February 3, 2020

They Weren’t Quite Born That Way

David Bowie grew up, in his words, as “plain old David Jones, a middle-class boy from London’s suburbs,” but as a musician he didn’t want to be confused with Davy Jones, frontman of The Monkees. “Nobody’s going to make a monkey out of you,” said his manager, and David adopted his new surname from American Jim Bowie, real-life creator of the Bowie knife, who was rebelliously portrayed in the 1960 film “The Alamo.”

In 1981, David Bowie recorded the song “Under Pressure” with Queen, musicians also familiar with name changes. Their dynamic lead singer was born Farrokh Bulsara, and also went by Fred Bulsara until about 1970 when he legally changed his name to Freddie Mercury and the band’s name from “Smile” to “Queen.”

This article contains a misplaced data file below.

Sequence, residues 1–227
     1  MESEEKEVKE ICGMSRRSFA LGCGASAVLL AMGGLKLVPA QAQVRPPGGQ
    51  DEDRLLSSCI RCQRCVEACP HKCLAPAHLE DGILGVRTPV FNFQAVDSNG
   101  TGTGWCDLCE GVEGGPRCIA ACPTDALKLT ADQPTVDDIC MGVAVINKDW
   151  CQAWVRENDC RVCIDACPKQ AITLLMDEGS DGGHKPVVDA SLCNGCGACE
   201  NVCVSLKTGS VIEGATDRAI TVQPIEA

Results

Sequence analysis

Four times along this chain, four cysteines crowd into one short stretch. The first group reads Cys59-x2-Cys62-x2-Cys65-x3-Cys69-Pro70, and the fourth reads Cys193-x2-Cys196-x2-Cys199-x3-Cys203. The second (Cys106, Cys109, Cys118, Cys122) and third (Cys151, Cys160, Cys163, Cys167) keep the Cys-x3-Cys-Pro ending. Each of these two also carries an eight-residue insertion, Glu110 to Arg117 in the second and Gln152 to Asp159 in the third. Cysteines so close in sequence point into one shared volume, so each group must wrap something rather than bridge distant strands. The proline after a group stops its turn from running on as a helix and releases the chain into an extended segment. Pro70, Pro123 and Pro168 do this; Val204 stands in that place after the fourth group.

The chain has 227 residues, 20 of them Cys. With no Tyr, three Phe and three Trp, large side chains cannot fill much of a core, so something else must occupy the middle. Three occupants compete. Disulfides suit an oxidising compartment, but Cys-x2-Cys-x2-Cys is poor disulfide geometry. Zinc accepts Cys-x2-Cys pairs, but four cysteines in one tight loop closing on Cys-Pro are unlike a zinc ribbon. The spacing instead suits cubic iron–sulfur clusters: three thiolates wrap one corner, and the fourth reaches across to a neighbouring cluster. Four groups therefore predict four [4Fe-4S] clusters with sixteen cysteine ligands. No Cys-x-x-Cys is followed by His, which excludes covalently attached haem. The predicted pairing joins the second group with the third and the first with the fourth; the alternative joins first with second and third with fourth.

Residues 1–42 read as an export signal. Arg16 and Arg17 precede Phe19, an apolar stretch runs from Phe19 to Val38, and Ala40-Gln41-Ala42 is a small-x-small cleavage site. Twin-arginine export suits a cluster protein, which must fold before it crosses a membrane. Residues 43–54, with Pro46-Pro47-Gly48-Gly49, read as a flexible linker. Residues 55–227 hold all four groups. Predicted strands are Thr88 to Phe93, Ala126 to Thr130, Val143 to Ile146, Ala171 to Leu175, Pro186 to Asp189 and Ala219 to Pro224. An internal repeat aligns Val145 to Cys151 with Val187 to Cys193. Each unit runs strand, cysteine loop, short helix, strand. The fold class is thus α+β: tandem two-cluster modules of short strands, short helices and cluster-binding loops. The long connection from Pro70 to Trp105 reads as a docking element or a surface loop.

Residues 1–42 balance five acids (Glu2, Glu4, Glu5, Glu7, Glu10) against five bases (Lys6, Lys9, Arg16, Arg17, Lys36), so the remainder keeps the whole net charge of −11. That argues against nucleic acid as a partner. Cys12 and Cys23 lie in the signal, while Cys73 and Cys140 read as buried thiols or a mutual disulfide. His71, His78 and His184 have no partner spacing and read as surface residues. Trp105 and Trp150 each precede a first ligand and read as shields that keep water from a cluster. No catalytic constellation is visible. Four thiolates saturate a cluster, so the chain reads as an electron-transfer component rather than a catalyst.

In 1984, Queen released a song called “Radio Ga-Ga.” Two years later Stefani Germanotta was born, who was later inspired by the song to adopt the stage name “Lady Gaga.”